- High-yield funds. These funds typically invest in corporate bonds that are unrated or low rated by specialized agencies, perhaps because the issuers are not in excellent financial condition. Fund holdings may be known as junk bonds. Yields are relatively high, but bond prices might drop in times of economic weakness, which can raise doubts about the companies’ ability to meet interest and redemption promises. This danger, known as credit risk, may be reduced if the fund holds many issues because most of a professionally chosen portfolio is likely to avoid defaults.
- Emerging markets bond funds. Holdings include bonds from governments and companies based in areas considered to be developing economically. For example, such places could range from Brazil to Russia to South Africa. Currency movements may affect returns positively or negatively, but there might be little influence from U.S. interest rate moves.
- Bank loan funds. As the name indicates, such funds purchase loans made by banks. The borrowers are usually companies; frequently, the loans are used to finance acquisitions. Questions about the borrowers’ ability to repay the debt make these funds vulnerable to recessions and low growth periods. On the other hand, bank loan funds generally invest in variable rate debt, so borrowers’ payment obligations (and the dividends to investors) can go up when interest rates rise.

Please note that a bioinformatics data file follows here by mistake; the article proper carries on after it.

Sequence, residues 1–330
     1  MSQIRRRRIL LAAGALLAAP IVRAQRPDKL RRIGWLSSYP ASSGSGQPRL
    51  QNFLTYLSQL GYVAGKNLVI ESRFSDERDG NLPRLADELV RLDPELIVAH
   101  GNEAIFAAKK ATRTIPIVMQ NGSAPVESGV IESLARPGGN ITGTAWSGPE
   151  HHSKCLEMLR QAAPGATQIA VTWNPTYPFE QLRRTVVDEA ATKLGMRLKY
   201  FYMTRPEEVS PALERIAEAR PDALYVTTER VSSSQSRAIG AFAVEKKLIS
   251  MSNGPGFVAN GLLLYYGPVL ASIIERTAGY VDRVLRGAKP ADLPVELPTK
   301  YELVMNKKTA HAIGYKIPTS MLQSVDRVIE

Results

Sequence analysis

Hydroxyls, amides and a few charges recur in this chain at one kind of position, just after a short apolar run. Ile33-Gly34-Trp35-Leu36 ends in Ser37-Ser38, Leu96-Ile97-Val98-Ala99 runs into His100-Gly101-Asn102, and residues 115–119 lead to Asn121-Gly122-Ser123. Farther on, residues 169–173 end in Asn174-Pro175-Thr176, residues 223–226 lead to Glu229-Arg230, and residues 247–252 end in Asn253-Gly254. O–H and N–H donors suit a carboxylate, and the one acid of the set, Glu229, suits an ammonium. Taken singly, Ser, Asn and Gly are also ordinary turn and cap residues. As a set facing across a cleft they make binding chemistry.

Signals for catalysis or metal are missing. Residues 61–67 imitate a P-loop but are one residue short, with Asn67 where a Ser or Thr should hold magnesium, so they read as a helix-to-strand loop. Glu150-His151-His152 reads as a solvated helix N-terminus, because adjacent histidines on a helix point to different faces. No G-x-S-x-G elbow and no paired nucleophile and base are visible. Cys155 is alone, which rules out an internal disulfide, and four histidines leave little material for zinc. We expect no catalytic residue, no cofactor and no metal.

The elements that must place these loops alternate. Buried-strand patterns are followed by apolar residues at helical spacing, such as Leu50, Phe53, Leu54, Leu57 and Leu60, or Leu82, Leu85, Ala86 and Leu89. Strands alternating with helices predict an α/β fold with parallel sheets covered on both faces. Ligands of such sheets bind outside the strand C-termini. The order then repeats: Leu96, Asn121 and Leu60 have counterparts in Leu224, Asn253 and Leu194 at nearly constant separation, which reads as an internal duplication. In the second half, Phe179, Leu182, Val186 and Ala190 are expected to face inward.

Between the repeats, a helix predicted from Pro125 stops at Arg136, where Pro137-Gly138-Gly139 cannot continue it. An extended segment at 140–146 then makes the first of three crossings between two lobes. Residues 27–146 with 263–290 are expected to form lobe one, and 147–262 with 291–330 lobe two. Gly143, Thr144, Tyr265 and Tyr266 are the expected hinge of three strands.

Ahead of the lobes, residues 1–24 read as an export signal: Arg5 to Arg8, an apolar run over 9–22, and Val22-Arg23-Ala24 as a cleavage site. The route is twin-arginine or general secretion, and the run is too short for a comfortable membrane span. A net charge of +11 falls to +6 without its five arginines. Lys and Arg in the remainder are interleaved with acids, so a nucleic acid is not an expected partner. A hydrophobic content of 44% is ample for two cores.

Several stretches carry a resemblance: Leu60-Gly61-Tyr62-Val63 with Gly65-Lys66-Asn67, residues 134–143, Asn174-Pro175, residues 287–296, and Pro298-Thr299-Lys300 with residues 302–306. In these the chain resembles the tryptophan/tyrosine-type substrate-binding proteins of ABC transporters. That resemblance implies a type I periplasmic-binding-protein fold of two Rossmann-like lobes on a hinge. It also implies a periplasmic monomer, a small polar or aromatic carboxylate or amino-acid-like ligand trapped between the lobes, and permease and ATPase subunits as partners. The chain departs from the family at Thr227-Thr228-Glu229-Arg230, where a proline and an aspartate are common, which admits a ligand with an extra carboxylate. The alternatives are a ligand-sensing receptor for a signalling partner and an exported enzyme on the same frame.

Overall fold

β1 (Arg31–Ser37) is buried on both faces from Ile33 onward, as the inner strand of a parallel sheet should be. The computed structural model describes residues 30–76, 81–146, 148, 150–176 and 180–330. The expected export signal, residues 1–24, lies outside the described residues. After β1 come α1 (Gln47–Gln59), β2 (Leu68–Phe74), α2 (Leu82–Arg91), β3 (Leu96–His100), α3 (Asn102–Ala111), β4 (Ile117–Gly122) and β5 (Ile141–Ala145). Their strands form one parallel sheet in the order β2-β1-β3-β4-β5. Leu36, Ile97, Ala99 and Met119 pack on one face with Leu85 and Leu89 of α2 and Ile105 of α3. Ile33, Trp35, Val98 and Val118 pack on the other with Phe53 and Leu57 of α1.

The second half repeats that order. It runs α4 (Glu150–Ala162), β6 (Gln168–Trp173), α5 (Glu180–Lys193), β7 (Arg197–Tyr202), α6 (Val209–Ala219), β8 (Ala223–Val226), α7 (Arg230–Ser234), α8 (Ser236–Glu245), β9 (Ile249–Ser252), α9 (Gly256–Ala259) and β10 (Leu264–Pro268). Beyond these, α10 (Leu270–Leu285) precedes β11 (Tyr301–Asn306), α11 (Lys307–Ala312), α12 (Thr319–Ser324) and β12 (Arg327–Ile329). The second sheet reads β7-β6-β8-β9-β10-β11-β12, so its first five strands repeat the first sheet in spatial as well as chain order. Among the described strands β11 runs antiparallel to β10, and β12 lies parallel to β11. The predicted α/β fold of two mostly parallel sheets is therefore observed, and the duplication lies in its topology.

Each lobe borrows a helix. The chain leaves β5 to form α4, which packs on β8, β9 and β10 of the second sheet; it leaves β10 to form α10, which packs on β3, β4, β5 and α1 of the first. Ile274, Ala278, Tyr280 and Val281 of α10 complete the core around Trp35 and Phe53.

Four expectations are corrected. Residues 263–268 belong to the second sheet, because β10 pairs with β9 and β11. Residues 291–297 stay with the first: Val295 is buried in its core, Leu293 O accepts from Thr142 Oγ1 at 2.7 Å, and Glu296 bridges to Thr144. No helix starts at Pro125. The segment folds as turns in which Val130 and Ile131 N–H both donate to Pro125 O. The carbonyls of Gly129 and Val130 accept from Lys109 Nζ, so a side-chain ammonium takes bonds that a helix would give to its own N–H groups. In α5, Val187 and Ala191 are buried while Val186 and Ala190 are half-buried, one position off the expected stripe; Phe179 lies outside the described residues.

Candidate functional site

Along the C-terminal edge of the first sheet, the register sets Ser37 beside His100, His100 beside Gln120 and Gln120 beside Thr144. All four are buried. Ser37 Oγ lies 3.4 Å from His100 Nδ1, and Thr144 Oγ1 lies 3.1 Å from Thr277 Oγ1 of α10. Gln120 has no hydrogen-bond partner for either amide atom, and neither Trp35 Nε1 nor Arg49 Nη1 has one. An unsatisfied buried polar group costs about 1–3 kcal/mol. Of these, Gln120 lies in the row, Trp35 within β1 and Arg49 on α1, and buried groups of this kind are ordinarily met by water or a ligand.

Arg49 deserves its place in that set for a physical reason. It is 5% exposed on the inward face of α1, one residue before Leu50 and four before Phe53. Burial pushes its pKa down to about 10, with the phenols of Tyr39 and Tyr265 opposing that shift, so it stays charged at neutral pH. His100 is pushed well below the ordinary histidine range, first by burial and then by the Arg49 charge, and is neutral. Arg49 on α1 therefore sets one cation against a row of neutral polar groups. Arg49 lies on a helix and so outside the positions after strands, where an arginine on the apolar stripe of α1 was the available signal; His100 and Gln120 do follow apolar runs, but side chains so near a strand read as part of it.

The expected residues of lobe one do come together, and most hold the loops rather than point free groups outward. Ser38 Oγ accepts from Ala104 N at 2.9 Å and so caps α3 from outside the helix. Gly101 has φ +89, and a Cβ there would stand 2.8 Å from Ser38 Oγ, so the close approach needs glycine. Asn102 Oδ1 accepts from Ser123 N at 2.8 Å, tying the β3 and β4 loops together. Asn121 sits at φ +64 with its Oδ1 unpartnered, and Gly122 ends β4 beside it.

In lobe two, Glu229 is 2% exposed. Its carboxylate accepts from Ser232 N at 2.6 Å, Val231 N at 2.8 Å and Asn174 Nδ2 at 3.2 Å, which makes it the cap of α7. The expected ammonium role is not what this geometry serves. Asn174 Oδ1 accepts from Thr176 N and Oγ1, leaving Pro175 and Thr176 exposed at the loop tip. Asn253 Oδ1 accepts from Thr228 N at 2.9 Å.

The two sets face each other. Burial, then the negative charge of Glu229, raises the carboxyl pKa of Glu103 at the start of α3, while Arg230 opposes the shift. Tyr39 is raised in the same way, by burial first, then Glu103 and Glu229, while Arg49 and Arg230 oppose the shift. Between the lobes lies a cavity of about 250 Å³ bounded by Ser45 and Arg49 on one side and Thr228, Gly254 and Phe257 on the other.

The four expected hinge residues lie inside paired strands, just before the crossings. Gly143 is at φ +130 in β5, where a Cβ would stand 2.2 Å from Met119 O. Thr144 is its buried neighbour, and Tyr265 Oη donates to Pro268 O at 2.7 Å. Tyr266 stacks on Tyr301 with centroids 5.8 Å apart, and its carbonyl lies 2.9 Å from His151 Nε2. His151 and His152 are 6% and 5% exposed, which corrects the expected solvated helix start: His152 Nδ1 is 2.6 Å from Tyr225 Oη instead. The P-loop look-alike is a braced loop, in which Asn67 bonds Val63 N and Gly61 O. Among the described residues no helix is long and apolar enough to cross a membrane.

- Preferred stock funds. Whereas familiar stock funds own common stock of issuers, these funds buy preferred The name indicates that investors will be paid before common stock holders, in case the issuer can’t meet all its obligations. Preferred stock payouts come before dividends on common shares. In practice, preferred shares tend to pay fixed bond-like yields, and trading prices may have low volatility. Preferred stock funds can be considered more like bond funds than stock funds.
- Municipal high yield funds. These funds hold tax-exempt municipal bonds from issuers that do not have a sterling credit rating. In essence, these funds are the tax-exempt cousin of the high-yield funds mentioned previously in this article, which pay taxable interest.
As is the case with all municipal bonds and muni bond funds, they should be held in taxable accounts to use their exemption. The other types of funds covered here may be favored for tax-deferred accounts such as IRAs, for which the high dividend payments can compound without a current tax haircut.
All of the fund categories mentioned in this article have numerous entrants, so yields will vary from fund to fund. You may be able to find yields around 5% in some funds, whereas core bond funds might be yielding 3% or 2% or even less. Over a lengthy holding period, the difference between compounding a 5% yield and compounding a 2% or 3% yield can be sizable.